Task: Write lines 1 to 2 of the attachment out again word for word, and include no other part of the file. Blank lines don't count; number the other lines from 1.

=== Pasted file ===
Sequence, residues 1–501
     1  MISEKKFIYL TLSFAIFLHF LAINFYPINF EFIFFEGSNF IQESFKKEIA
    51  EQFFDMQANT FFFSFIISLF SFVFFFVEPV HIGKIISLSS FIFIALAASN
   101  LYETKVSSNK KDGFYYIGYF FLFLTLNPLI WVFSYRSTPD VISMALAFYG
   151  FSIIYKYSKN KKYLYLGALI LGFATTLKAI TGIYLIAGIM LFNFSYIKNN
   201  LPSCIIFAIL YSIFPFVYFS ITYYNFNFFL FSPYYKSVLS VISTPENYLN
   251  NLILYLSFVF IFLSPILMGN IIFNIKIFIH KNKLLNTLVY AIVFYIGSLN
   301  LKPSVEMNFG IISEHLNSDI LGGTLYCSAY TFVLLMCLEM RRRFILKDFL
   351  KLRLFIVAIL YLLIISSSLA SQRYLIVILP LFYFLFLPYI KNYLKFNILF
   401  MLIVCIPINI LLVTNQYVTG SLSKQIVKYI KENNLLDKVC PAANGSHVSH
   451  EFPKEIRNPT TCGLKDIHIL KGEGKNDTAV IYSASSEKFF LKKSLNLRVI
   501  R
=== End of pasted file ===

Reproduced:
Sequence, residues 1–501
     1  MISEKKFIYL TLSFAIFLHF LAINFYPINF EFIFFEGSNF IQESFKKEIA